• A corporation that did not have UNOL or a business allocation percentage in its base year, or was not subject to tax in its base year, is not allowed a PNOLC subtraction. In addition, regulated investment companies and corporations that were New York S corporations in the base year are also not allowed a PNOLC subtraction.

Common Reporting Errors

Taking the above into account, the items listed below were noted at the conference as being some of the common errors with respect to the PNOLC reporting:

  • Reporting the PNOLC on line 18 instead of line 16 of Part 3 of the New York State corporate return (Form CT-3), and on line 35 instead of line 33 of schedule B of the New York City corporate return (Form CT-2)
  • Adding 2015 net operating loss with the PNOLC and reporting the total on line 16 of Part 3 of Form CT-3, and on line 35 of schedule B of Form CT-2
  • Deducting the PNOLC or NOL when the corporation did not have any New York State–or City–apportioned business income in the 2015 tax year
  • Reporting negative values in the respective PNOLC and NOL lines in the New York State or New York City corporate returns
  • The business allocation percentage applied to the PNOLC not matching what was reported in the 2014 return.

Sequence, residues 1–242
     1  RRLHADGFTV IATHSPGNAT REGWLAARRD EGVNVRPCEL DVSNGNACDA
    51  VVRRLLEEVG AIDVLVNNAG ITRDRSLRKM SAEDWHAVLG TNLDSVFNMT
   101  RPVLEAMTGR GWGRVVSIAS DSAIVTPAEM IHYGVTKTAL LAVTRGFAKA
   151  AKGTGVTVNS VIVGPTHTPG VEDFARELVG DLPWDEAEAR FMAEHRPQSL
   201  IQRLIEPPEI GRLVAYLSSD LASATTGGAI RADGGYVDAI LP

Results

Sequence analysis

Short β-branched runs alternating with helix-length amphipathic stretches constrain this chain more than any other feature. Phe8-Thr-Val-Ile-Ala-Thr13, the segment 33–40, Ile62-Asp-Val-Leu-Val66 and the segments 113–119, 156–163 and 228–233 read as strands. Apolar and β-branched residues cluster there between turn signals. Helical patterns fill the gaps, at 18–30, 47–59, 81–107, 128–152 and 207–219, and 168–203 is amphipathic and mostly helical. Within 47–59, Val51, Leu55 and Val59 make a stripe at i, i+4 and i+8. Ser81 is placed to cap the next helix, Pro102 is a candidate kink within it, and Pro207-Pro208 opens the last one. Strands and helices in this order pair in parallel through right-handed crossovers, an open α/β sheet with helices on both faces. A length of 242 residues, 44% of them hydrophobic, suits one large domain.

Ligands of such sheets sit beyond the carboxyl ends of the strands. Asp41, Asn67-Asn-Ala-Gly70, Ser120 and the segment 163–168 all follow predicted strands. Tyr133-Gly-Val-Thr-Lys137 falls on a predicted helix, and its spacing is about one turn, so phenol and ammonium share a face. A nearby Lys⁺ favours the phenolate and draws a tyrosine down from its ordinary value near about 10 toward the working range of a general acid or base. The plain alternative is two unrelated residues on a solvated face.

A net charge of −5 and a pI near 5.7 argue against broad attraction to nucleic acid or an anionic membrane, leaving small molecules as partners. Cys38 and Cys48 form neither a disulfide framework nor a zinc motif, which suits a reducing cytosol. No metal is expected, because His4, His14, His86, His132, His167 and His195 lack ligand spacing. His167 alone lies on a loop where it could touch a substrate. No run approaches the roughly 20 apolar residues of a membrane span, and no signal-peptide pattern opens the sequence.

The authors recommend that taxpayers and their return preparers review their filed 2015 New York State and New York City corporate tax returns to determine if their PNOLCs were reported correctly.

Important Highlights

As mentioned above, taxpayers should review their filed 2015 tax return to determine if their PNOLCs were reported correctly. Based on the DTF and DOF’s proposed draft regulations, the PNOLC reported in the 2015 tax return is a fixed number that can only be changed by amending the return prior to the expiration of the applicable three-year statute of limitations. In addition, federal, New York State, and New York City audit changes, with regard to net operating losses incurred prior to January 1, 2015, will have an impact on the PNOLC unless the statute of limitations for the 2015 tax return has expired. Furthermore, the 50% PNOLC deduction election is revocable, but a taxpayer who wishes to revoke it must file an amended return prior to the running of the statute of limitations applicable to its 2015 tax return.

Needless to say, this is a complex area that is constantly evolving. The DTF and DOF are reviewing returns reflecting the PNOLC in detail, and therefore it is very important that CPAs review and, where needed, amend and correct any of the above errors before the statute of limitations for 2015 expires.

Corey L. Rosenthal, JD is a principal at CohnReznick LLP, New York, N.Y.
Peter Rabinowitz, JD is a director at CohnReznick LLP, New York, N.Y.
Annie Yang, CPA is a state and local tax manager at CohnReznick LLP, New York, N.Y.